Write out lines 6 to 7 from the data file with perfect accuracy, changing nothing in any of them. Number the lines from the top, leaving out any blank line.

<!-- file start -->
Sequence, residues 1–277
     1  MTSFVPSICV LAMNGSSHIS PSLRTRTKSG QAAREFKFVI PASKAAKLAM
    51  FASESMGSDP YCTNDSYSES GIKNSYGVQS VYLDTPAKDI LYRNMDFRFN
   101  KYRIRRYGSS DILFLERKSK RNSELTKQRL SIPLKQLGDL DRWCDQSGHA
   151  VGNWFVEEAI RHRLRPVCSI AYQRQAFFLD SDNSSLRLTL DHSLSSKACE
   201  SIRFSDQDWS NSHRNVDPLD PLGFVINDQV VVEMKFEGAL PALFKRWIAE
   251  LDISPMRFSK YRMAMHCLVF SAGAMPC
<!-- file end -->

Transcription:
   201  SIRFSDQDWS NSHRNVDPLD PLGFVINDQV VVEMKFEGAL PALFKRWIAE
   251  LDISPMRFSK YRMAMHCLVF SAGAMPC